On October 26th, National Day of the Deployed annually honors the United States military personnel deployed around the globe. The day recognizes all of the brave military personnel who have been deployed, are sacrificing, or have sacrificed their lives to defend our country. It also acknowledges their families who are separated from them during deployment and the sacrifices they make in order for their family members to serve our country.
Many deployed troops leave their families behind to serve their country. They make the greatest sacrifices to keep their country secure. A few ways to recognize their services include:
- Donate to a military organization like the USO.
- Send care packages.
- Volunteer your time and services to local military organizations.
- If you know a military family, ask what support they need.
- Offer to support military personnel who have no family.
Each August 4 the U.S. Coast Guard celebrates its birthday.
The Coast Guard is one of America’s five armed forces and traces its founding to Aug. 4, 1790, when the first Congress authorized the construction of 10 vessels to enforce tariff and trade laws, prevent smuggling, and protect the collection of federal revenue. Responsibilities added over the years included humanitarian duties such as aiding mariners in distress.
The service received its present name in 1915 when the Revenue Cutter Service merged with the U.S. Life-Saving Service to form a single maritime service dedicated to the safety of life at sea and enforcing the nation’s maritime laws.
The Coast Guard is a multi-mission, maritime, military service, and the smallest of the five Armed Services. Its mission is to protect the public, the environment and U.S. economic interests in the nation’s waterways, along the coast, on international waters, or in any maritime region as required to support national security.
June 23, 2021 is the official Coast Guard Auxiliary birthday. Most are familiar with the Coast Guard, and while the Coast Guard Reserve is not quite as well known, it is the Coast Guard Auxiliary which remains one of the more obscure (but important) groups that has traditionally been associated with the United States Military.
The United States Coast Guard Auxiliary is the uniformed auxiliary service of the United States Coast Guard. It is comprised of 26,000 members who volunteer their time to support the operation of the Coast Guard, promote and improve recreational boating safety, and provide trained crews and facilities to enhance the safety and security of US ports, waterways, and coastal regions.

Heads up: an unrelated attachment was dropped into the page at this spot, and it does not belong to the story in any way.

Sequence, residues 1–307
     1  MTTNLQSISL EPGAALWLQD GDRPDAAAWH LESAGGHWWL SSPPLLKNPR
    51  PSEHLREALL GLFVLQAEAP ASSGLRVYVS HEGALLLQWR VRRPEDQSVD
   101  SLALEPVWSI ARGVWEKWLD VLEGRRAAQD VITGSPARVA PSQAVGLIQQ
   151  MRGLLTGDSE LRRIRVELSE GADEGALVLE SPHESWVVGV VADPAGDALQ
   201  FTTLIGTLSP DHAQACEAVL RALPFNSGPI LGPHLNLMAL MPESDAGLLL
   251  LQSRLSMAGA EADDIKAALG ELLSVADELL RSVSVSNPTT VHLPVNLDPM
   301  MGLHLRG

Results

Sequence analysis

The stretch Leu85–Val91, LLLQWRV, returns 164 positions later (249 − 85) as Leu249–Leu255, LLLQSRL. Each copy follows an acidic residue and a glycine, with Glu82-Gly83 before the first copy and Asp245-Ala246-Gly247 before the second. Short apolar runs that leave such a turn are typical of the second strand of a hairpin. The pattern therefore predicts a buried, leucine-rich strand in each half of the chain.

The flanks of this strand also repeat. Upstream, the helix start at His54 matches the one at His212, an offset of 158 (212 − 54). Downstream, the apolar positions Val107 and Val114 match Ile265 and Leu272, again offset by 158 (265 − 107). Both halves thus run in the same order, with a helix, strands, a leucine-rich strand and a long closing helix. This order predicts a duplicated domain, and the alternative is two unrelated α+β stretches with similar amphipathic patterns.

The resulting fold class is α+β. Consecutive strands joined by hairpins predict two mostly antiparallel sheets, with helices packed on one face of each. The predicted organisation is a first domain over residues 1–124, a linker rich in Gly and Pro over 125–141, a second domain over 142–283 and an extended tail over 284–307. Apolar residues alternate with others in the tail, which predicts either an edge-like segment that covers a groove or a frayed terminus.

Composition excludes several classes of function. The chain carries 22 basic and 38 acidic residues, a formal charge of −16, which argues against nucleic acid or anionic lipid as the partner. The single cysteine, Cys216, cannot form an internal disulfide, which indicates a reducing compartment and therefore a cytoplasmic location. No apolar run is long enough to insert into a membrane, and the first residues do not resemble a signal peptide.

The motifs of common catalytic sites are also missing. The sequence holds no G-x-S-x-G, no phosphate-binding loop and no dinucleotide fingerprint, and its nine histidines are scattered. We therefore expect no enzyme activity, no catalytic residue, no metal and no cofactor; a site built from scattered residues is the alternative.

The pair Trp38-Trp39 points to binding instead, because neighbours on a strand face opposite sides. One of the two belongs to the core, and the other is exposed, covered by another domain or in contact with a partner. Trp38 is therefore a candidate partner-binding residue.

The Coast Guard Auxiliary is an unpaid force of volunteers who perform duties like or in support of the regular Coast Guard. Legislation passed in the mid-1990s authorized the Auxiliary to support any Coast Guard missions not involving law enforcement or real-world military operations. Today the Coast Guard, Reserve, and Auxiliary under the Department of Homeland Security.
Every year, August 4 is celebrated as the U.S. Coast Guard Birthday, commemorating the military organization for its valor and discipline. Since 1790, the U.S. Coast Guard has kept the nation’s waterways safe, playing a critical role in national security.
The U.S. Coast Guard patrols our coasts for drug smugglers, human trafficking and both domestic and international terrorism. As the bad guys (and girls) have gotten savvy with technology, the Coast Guard has developed sophisticated, effective technology to combat crimes on the water and at our ports. It is a 24/7 job. If you know a Coast Guard veteran or someone on active duty, thank them for their service.
Visit the U.S. Coast Guard Website
The Veterans History Project collects, preserves, and makes accessible the firsthand accounts of American wartime veterans so that future generations may learn about veterans’ experiences in their own words to better understand the realities of war. The United States Congress created the Veterans History Project (VHP) in 2000, and the project is overseen and archived by the American Folklife Center at the Library of Congress (LOC).
All veterans who reside in the 26th Congressional District are encouraged to register to be interviewed for the Veterans History Project. Interviews will be conducted every Tuesday at U.S. Congressman Michael Burgess’ Lake Dallas district office.
You can sign up by submitting your interview request to Congressman Burgess’ office by mail, email, or by calling his district office at 940-497-5031. (If you are unsure of your residency, please check here.)
The Project collects first-hand accounts of U.S. Veterans from the following wars:
- World War, 1914-1918
- World War, 1939-1945
- Cold War
- Korean War, 1950-1953
- Vietnam War, 1961-1975
- Grenada–History–American Invasion, 1983
- Panama–History–American Invasion, 1989
- Operation Restore Hope, 1992-1993
- Persian Gulf War, 1991
- United Nations Operation in Somalia
- Haiti–History–American intervention, 1994-1995
- Operation Allied Force, 1999
- Peacekeeping forces–Bosnia and Hercegovina
- Operation Joint Guardian, 1999-
- War on Terrorism, 2001-2009
- Afghan War, 2001-
- Iraq War, 2003-2011
In addition, U.S. citizen civilians who were actively involved in supporting war efforts (such as war industry workers, USO workers, flight instructors, medical volunteers, etc.) also are invited to share their valuable stories.
Note: This post does not constitute an endorsement of U.S. Congressman Michael Burgess on the part of the American Legion or its members.